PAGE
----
O, Sovereign King! O, Majestic Lord of all things! I long to dare to run with You! I long for the courage of the leap of faith, the joy of the victorious dance upon the stormy waves, upon the mountains and hills of my fears. Call me again, Lord! Don’t give up on me! Sooner or later, I will trust You.
Monday, June 25, 2012
In the life of every believer comes a time that is often very disconcerting. It is the time when the Holy Spirit chooses to reveal to us that the Lover of our souls and the King of the universe are one and the same Person. We are gripped by a sense of awe and wonder that is pleasant and exhilarating on one hand yet terrifying on the other, because we begin to see the implications of intimacy with this Man, Christ Jesus. Our Beloved is tender and gentle, but He is also the Challenging Leader, the Lord of Heaven and Earth.
To the surprise of the Shulamite, her Beloved appears one day in a thoroughly unexpected persona. She describes his coming in this way:
The voice of my beloved!
Behold, he comes leaping upon the mountains,
skipping upon the hills.
In these delightful phrases we are informed of the sovereign power of the King over all the obstacles of life, the hills and mountains that seem to us unconquerable hindrances to a life of faithful and single-minded fervency for the Lord. Her response to the king’s activity is filled with wonder and delight, and there is an initial sense of enjoyment at what he is doing:
My beloved is like a gazelle or a young stag. Behold, he stands behind our wall;
He is looking through the windows, Gazing through the lattice.
Suddenly, though, her mood changes, because as the king draws near to the Shulamite in disclosing his sovereign authority over difficult things, he invites her to join him in the exhilarating dance of victory over the seemingly undefeatable realities of her life:
My beloved spoke, and said to me: "Rise up, my love, my fair one, and come away.
For lo, the winter is past, the rain is over and gone.
The flowers appear on the earth; the time of singing has come,
and the voice of the turtledove is heard in our land.
The fig tree puts forth her green figs, and the vines with the tender grapes give a good smell.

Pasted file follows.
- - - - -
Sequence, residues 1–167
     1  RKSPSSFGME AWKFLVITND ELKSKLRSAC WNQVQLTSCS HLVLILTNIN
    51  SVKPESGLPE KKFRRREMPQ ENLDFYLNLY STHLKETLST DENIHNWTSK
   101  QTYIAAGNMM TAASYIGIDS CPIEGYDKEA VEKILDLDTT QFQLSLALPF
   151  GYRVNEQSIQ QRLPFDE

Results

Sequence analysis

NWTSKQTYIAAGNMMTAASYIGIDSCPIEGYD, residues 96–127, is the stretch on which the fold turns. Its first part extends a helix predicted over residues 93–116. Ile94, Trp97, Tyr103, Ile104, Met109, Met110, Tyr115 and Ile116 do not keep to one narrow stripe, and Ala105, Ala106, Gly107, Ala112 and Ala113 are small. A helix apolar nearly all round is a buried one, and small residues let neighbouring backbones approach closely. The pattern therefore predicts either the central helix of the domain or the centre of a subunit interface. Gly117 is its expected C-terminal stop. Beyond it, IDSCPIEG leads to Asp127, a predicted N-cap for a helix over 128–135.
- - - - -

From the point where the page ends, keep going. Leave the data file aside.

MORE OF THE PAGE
Rise up, my love, my fair one, and come away!
“O my dove, in the clefts of the rock, in the secret places of the cliff, let me see your face,
let me hear your voice; for your voice is sweet, and your face is lovely.” Song 2:10-14
In our parallel relationship with Jesus, we must confront a crucial question: Will He be allowed to draw us past the things that have regularly defeated us in our attempts to be faithful in following Him? But the wondrous emphasis here is clearly on the majesty of the king, his beauty and power, and his ability to take the Shulamite with him as he leaps and dances over the mountains of her life. He draws her after him, reminding her that she is hidden in the cleft of the rock—a euphemism for the riven side of Christ on the cross. It is in the context of his sacrifice and redeeming power that she is safe, and his voice draws her to come and follow.
In our next article, we will see how the Shulamite responds to this invitation from her Beloved.
Friday, June 15, 2012
In our last article we faced this powerful question: How can God call me beautiful at the beginning of our relationship, before I become mature or do anything for Him? Read on to discover the answer!
In his wisdom and foresight, the king sees the Shulamite as she will be when his love for her has completed its work, and he relates to her on that basis from the beginning. He knows that the power of her true identity and the dynamic of his love will transform her as certainly as the dawn comes in the morning. In the place of intimate fellowship, he can speak these things in such a way that her heart will hear them and believe. And so he invites her to the place of nearness and intrigue, the banqueting house, and there sustains her with expressions of his deepest love.
This delightful and beautiful picture of the love language exchanged by these two is given expression in the life of Jesus, this time recorded for us in the Gospel of Matthew. But in the New Testament portrayal, the heart of Jesus is filled with pathos and grief. Matthew 23:37-39 is the record of Jesus’ lamentation over Jerusalem because the city, as the representation of the Bride of Christ, has refused His invitation to intimacy and instead has continued the historic practice of killing those who come in His Name to draw her to His side. The emotion of the heart of Jesus is palpable:
O Jerusalem, Jerusalem, the one who kills the prophets and stones those who are sent to her! How often I wanted to gather your children together, as a hen gathers her chicks under her wings, but you were not willing!
Jesus is here giving testimony to the passion burning in the heart of God, the same passion that caused Him to speak in such loving terms over the life of His dark but lovely Bride in the Song. He longs to gather His people to the House of Wine, to stir our emotions of being cherished and seen as fervent and single-minded. He deeply desires to speak to our hearts of how He sees us, of the delight that is within Him, of the confidence He has in the power of His love to do the things He has promised.